explaining that "the plain and ordinary meaning of a term" only comes into play "[i]n the absence of statutory definitions"Summary of this case from Spire Mo., Inc. v. USIC Locating Servs.
No. SC 87962.
April 17, 2007.
Appeal from the Circuit Court, St. Louis County, Carolyn C. Whittington, J.
Thomas E. Schwartz, St. Louis, for Relator.
Reed W. Sugg, Jason D. McKnight, Timothy C. Sansone; John F. Cowling, Matthew S. Shorey, Armstrong Teasdale, St. Louis, for Respondent.
Relator Rowe Burns seeks a writ of mandamus requiring the Circuit Court of St. Louis County to transfer her wrongful death case to the Circuit Court of the City of St. Louis. This Court issued an alternative writ, and that writ is now made peremptory.
On August 22, 2005, Alfred Burns filed a petition in the circuit court of the City of St. Louis alleging that he sustained personal injury and developed leukemia because of exposure to the Defendants' benzene-containing products. The alleged exposure occurred in St. Louis County. On August 28, 2005, the General Assembly amended the venue statutes. The amended statutes provide, inter alia, that tort cases be must be filed in the county where the plaintiff is "first injured." Section 508.010 RSMo Supp.2005. The new venue statutes were made applicable to all "causes of action" filed after August 28, 2005. Section 538.305.
All statutory citations are to RSMo Supp. 2005 unless otherwise indicated.
Alfred Burns died in January 2006. In March 2006, Relator filed an amended petition alleging wrongful death due to the benzene exposure. The amended petition did not add any defendants. Defendants filed a motion to transfer the case to St. Louis County arguing that the amended petition alleging wrongful death constituted a new "cause of action" and was, therefore, subject to the new venue statutes. The circuit court found that Relator's amended petition constituted a new cause of action and, pursuant to the new venue statutes, transferred the case to St. Louis County. The issue is whether Relator's amended petition asserting a wrongful death claim constituted a new cause of action requiring transfer to St. Louis County.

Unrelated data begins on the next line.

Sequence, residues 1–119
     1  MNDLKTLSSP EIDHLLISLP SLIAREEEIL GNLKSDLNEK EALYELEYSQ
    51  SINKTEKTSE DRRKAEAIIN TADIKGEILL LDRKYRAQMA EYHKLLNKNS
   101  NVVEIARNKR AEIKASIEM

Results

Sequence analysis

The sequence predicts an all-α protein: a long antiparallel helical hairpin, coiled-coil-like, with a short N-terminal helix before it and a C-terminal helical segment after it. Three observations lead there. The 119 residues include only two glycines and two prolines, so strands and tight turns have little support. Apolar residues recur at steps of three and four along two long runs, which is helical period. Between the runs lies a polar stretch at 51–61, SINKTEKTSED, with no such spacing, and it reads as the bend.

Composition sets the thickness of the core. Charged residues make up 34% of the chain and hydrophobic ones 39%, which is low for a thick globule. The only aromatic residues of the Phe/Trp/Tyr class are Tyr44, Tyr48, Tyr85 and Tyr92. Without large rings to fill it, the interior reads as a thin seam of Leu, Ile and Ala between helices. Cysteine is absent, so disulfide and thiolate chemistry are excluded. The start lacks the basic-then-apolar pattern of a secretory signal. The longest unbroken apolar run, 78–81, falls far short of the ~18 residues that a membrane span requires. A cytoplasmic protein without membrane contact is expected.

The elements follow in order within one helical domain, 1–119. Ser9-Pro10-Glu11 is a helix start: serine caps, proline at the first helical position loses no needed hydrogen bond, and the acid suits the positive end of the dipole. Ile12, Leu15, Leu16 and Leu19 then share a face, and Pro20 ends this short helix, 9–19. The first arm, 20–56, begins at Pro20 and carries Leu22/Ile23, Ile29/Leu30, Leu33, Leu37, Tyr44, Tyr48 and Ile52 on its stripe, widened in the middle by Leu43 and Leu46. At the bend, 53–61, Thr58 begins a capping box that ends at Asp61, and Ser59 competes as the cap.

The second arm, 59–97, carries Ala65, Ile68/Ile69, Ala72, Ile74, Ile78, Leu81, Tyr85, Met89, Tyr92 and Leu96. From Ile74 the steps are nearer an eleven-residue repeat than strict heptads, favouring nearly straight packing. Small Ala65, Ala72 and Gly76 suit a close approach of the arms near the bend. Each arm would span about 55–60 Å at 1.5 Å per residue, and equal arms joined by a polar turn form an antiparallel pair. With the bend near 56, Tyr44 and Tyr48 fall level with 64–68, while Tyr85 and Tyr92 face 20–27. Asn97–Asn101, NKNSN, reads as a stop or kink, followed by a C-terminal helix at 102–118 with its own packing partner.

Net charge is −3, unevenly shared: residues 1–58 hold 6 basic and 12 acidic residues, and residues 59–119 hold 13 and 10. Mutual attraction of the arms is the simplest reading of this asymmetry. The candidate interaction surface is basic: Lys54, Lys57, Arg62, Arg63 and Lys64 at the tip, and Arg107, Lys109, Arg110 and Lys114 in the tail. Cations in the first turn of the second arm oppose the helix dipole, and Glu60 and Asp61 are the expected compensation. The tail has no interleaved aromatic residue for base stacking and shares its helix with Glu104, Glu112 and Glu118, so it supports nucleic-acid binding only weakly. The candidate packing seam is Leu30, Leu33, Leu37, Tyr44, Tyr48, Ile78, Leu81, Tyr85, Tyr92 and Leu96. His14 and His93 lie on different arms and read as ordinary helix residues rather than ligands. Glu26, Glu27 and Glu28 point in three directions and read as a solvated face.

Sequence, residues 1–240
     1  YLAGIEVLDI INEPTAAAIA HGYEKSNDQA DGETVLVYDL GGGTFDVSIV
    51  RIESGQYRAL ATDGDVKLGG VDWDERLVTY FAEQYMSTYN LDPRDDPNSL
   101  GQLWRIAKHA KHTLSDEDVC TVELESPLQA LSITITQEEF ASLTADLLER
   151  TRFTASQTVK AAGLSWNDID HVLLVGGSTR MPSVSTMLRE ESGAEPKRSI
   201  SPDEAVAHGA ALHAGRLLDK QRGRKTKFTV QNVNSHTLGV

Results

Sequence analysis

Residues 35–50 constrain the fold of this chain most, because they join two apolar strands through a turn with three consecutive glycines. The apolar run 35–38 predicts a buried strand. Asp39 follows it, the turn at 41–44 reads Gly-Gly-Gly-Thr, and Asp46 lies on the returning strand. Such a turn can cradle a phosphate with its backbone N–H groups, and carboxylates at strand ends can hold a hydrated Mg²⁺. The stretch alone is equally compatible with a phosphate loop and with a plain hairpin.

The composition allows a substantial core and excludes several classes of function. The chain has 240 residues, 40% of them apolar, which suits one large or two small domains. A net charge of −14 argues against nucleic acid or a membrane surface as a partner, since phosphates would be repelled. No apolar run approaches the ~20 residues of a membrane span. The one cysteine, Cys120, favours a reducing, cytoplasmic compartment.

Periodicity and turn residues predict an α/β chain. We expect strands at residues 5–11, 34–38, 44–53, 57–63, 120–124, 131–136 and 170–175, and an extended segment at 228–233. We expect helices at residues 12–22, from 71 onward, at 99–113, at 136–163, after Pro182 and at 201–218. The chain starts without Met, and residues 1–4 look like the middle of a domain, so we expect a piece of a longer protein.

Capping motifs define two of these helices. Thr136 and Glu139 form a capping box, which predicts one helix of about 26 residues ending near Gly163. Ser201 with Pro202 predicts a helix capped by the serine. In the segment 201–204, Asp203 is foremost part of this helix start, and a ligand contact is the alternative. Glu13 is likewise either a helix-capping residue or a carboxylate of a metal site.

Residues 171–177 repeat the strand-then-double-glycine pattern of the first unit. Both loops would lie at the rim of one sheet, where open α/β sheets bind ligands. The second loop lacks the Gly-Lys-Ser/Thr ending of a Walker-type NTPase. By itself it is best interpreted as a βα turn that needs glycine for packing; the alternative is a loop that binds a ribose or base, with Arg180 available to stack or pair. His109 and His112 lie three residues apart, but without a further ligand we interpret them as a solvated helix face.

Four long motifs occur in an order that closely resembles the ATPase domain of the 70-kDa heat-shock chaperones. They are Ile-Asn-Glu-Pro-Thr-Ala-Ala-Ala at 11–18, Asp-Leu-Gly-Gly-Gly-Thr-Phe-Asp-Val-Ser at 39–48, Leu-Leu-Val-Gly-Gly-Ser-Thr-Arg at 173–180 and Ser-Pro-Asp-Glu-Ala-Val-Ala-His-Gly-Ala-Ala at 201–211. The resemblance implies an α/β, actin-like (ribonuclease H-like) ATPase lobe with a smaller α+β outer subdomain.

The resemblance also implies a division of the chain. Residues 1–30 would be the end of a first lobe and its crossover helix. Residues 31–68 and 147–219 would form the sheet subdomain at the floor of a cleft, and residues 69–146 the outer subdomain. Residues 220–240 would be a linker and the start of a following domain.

Section 538.305 provides that the new venue statutes "shall apply to all causes of action filed after August 28, 2005." The statute does not define the term "cause of action." The primary rule of statutory interpretation is to give effect to legislative intent as reflected in the plain language of the statute. State v. Grubb, 120 S.W.3d 737, 739 (Mo. banc 2003); Emery v. Wal-Mart Stores, Inc., 976 S.W.2d 439, 449 (Mo. banc 1998). In the absence of statutory definitions, the plain and ordinary meaning of a term may be derived from a dictionary, American Healthcare Management, Inc. v. Director or Revenue, 984 S.W.2d 496, 498 (Mo. banc 1999), and by considering the context of the entire statute in which it appears. Butler v. Mitchell-Hugeback, Inc., 895 S.W.2d 15, 19 (Mo. banc 1995).
In the new version of section 508.010, the legislature employs the terms "suit," "claim," "civil action," and "cause of action." These terms are not defined and are not otherwise distinguished from one another. However, this Court has defined the term "cause of action" as "a group of operative facts giving rise to one or more bases for suing." Chesterfield Village, Inc. v. City of Chesterfield, 64 S.W.3d 315, 318 (Mo. banc 2002). A cause of action remains the same even though additional or different theories of evidence or law might be advanced to support it. Id. The term "cause of action" thus refers to the negligent act or omission, as opposed to the injury which flows from the tortious conduct. Although death is the necessary final event in a wrongful death claim, the cause of action is derivative of the underlying tortious acts that caused the fatal injury. Therefore, even though Relator filed an amended petition alleging wrongful death, her cause of action did not change because the lawsuit had been and still is based upon the same operative facts; namely, Mr. Burns' harmful exposure to the Defendants' benzene-containing products.
Relator's amended petition did not constitute a new cause of action. The new venue statutes are inapplicable. Consequently, Relator is entitled to writ of mandamus directing the circuit court of St. Louis County to transfer her lawsuit back to the circuit court of the City of St. Louis.